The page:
The revolution update
I expect every one of my newsletters from now on will contain something about AI. I make no apologies. There has been an explosion of news, including OpenAI’s GTP-4 getting access to the internet, Google releasing its music-creating AI, and the announcement of text generation right inside Google Docs. As anticipated, any profession or industry based on language is being upended – including education, law, and media – right now. While there have been small AI experiments with games and blockchain tech – see MechMinds – it hasn’t really hit gaming yet because of the long development cycles in the industry.
An experiment run by Stanford University (with Google) shows the way. Researchers created a virtual town populated with 25 non-player characters (NPCs) and had them interact with each other. They were remarkably civil and intelligible, apparently.
“Hey Klaus, mind if I join you for a cup of coffee?”
“Not at all, Abigail. How are you?”
Anyone who has used ChatGPT will know these NPCs would be equally at home discussing Wittgenstein or the NFL. We live in insane times, which nevertheless will seem tame by the terrifying standards of the future.
I have mentioned before that nobody knows exactly how large language models (LLMs) like GPT-4 work. Yes, GPT-4 was built by developers who wrote code and executed it. But how the machine actually makes the discriminations and pulls apart particular sentences and outputs others is a black box. This week we heard the news that OpenAI has started to work on deciphering the black box using another LLM to make sense of it all. In this case, GPT-4 is looking at the neural network of GPT-2.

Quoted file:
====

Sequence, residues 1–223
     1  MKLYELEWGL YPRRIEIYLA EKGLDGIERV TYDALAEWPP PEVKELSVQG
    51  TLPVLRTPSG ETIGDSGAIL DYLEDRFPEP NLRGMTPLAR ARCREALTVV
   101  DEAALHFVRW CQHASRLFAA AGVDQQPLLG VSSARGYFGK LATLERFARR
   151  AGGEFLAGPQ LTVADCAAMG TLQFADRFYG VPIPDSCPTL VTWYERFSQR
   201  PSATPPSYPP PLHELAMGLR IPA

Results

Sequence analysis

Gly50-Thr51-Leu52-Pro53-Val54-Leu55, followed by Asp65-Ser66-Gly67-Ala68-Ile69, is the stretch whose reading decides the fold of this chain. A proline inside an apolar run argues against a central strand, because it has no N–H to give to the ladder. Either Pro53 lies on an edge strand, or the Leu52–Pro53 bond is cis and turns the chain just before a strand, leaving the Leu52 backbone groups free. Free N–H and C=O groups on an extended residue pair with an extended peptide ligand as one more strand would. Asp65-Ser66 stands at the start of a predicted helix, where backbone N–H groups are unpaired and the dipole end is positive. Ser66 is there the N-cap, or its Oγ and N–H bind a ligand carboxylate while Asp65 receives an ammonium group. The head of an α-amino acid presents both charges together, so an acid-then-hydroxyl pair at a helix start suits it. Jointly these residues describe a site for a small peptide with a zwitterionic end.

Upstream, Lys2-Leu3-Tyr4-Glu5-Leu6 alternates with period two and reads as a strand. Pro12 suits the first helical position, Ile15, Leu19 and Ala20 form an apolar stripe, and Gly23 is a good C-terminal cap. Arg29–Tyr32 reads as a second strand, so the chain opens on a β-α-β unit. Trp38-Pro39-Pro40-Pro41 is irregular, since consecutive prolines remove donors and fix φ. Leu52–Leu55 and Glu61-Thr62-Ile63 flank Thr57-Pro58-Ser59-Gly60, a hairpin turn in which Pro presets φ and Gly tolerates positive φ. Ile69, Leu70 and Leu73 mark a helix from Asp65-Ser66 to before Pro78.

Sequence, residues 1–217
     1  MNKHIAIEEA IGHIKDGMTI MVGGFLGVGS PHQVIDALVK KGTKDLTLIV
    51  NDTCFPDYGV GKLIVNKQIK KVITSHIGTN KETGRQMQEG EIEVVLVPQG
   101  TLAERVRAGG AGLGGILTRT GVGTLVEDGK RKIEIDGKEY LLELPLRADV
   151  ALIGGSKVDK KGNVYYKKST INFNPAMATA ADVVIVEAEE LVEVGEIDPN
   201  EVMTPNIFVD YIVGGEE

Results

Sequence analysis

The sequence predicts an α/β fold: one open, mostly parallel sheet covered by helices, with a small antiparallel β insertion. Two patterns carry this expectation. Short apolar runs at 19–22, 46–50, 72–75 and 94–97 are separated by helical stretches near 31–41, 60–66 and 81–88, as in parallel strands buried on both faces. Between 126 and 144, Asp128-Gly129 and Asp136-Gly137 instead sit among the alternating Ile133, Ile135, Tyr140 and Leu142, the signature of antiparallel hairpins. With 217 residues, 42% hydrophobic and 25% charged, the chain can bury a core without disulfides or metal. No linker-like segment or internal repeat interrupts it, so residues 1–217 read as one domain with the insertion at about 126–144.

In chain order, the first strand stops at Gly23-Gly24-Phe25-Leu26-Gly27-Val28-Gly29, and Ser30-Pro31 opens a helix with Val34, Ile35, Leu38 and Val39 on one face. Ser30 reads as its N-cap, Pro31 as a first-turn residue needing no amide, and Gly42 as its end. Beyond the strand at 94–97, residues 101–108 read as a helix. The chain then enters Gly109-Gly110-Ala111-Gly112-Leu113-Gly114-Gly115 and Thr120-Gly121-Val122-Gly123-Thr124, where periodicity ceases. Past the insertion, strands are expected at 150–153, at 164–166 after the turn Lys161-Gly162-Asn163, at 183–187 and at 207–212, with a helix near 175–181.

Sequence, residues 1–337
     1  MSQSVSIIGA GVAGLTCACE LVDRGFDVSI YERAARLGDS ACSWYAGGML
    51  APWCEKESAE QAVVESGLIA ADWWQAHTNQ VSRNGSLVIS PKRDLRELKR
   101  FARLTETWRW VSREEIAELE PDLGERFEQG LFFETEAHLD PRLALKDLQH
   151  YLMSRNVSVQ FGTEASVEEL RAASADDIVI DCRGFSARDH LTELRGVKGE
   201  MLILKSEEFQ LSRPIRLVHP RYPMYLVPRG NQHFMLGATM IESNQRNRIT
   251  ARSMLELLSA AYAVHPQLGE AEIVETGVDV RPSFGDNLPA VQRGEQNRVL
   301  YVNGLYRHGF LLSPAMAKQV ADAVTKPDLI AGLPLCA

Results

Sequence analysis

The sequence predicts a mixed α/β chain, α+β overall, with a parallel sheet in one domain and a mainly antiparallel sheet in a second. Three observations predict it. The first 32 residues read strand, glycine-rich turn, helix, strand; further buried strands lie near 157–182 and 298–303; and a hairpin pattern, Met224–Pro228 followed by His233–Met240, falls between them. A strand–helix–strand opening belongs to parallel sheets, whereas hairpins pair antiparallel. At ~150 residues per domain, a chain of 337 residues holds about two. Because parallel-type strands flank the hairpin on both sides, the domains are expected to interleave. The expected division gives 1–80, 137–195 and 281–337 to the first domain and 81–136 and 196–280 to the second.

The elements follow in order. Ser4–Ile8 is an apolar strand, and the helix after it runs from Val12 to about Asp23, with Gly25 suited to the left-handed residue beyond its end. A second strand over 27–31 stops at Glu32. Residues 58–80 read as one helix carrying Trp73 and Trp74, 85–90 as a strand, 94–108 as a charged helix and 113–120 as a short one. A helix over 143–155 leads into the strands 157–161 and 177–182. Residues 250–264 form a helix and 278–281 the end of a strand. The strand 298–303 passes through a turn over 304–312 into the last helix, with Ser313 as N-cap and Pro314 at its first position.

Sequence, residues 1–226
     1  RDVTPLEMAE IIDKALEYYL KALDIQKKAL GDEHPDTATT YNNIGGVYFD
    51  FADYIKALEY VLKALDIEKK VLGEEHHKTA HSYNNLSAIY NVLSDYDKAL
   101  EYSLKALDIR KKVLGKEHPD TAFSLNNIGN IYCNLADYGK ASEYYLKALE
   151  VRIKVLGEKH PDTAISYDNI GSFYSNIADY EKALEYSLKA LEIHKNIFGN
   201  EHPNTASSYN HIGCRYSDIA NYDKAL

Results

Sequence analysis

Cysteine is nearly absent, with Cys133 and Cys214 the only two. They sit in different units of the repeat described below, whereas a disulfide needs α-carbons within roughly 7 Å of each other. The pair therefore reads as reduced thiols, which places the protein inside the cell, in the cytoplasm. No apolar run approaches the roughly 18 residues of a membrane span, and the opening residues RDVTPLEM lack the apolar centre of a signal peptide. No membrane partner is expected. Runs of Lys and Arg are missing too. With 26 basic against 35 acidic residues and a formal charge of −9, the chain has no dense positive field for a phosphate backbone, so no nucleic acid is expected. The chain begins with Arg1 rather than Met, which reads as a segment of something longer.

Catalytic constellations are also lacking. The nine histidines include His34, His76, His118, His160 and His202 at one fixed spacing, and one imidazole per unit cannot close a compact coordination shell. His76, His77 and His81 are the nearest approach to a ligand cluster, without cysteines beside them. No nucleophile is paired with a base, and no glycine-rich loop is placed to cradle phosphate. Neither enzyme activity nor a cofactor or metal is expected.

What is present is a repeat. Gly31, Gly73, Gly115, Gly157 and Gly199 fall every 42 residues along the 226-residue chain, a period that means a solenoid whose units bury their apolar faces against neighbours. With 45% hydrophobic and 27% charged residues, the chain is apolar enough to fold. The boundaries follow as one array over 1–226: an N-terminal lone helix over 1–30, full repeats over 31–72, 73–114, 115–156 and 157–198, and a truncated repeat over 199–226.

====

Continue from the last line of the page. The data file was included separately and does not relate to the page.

Illuvium gets real
When Polemos began, it was fixated on Illuvium. The promise of the open-world, Pokemon-influenced arena fighting game with its AAA graphics was big. Then came the dark times. Illuvium did not come through with the games, and many were discouraged.
There’s light on the horizon. This week has seen the beta release of two big regions in the Overworld open world, and it is visually stunning. Have a first look here.
Next week we are finally going to get Season 1 of the city-building, resource gathering game Zero. We’ll be sure to cover that extensively.
Dookey Dash ends in a flying pet robot
To complete the story I have been telling episodically in these newsletters, Dookey Dash players this week discovered the prize for hours of flying down sewer pipes: a flying pet robot NFT with no known function.
Dookey Dash was the mini-game released by Yuga Labs as part of the Bored Ape Yacht Club. Thousands of the faithful played the game, swearing it was good, in the hope of landing a good spot on the leaderboard. The winner, professional web2 gamer Kyle “Mongraal” Jackson, got a golden key he sold for 1000 ETH (well over $1.5m).
Players who rated highly this week transformed their prizes (NFTs called “power sources”) into robot companions with different attributes and rarity corresponding to their rank.
Some were unhappy. It’s all about make-believe, and who can do it the best. Read
This is a copy of the Polemos weekly newsletter, by Hal Crawford. To subscribe, sign up here.